These Guidelines are designed as an aid to those of you who have been entrusted to serve as successor trustee(s). It is not possible to answer all of your potential questions. However, we hope to answer those which will come up with some regularity.
You may have assumed the duties as successor trustee either because of the incapacity or death of the primary trustee(s). Therefore, these Guidelines are divided into two groups. Following is a discussion of the steps you should take if assuming responsibilities as a result of incapacity of the Trust's Settlor or Original Trustee.
Succession Due to Incapacity
If you have taken on the primary trustee responsibilities because of the incapacity of the primary trustee(s), you should take care of the following items:
- Locate all of the trust assets and make certain that title to the assets have been transferred into the name of the trust. If there are assets which have yet to be transferred into the trust, the person or persons holding a Durable Power of Attorney can complete the transfers. Since a Power of Attorney is no longer effective after the death of the Principal, it is important not to delay this step.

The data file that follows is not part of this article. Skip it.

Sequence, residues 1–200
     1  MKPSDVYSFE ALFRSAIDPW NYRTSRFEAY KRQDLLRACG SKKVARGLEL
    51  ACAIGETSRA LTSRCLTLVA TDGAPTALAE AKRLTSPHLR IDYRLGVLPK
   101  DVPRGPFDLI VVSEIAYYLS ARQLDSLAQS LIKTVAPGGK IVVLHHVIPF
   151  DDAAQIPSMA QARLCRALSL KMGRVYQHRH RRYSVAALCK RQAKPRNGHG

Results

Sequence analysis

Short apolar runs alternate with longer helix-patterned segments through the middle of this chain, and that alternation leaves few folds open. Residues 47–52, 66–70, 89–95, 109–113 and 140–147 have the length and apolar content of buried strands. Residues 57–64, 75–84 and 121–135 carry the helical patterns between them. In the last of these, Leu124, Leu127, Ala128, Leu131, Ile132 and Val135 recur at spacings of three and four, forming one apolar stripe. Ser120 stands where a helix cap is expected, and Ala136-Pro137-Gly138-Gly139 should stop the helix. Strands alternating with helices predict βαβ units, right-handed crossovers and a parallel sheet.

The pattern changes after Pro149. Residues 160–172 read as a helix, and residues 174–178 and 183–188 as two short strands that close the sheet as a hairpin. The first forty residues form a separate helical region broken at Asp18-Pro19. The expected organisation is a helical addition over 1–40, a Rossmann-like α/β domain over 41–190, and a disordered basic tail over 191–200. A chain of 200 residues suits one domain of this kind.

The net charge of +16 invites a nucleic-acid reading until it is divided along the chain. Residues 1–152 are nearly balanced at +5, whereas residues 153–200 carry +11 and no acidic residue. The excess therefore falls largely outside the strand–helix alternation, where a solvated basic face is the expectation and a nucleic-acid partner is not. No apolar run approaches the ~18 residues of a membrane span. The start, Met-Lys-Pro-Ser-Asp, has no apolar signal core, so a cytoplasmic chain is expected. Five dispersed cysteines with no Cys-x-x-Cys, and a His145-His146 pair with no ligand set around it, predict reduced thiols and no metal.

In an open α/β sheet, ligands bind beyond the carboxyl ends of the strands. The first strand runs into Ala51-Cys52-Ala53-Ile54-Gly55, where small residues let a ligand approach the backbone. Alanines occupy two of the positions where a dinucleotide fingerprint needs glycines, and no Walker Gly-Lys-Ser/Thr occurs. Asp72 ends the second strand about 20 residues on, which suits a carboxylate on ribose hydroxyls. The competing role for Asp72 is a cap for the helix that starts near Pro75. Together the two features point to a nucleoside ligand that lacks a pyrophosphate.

- Determine the needs of the Settlor or Settlors. It will be your responsibility to manage their funds, and to take care of their financial needs to the extent the funds of the trust permit.
- If long term nursing home placement is a possibility, consider whether or not it may be advisable to “gift” trust assets to someone other than the Settlor.
- Provide an annual account to the beneficiaries of the Trust which tells them what funds were in the trust, how much income the trust had, and how that income was spent.
- File the annual form 1040 of the Settlor(s) with the Internal Revenue Service.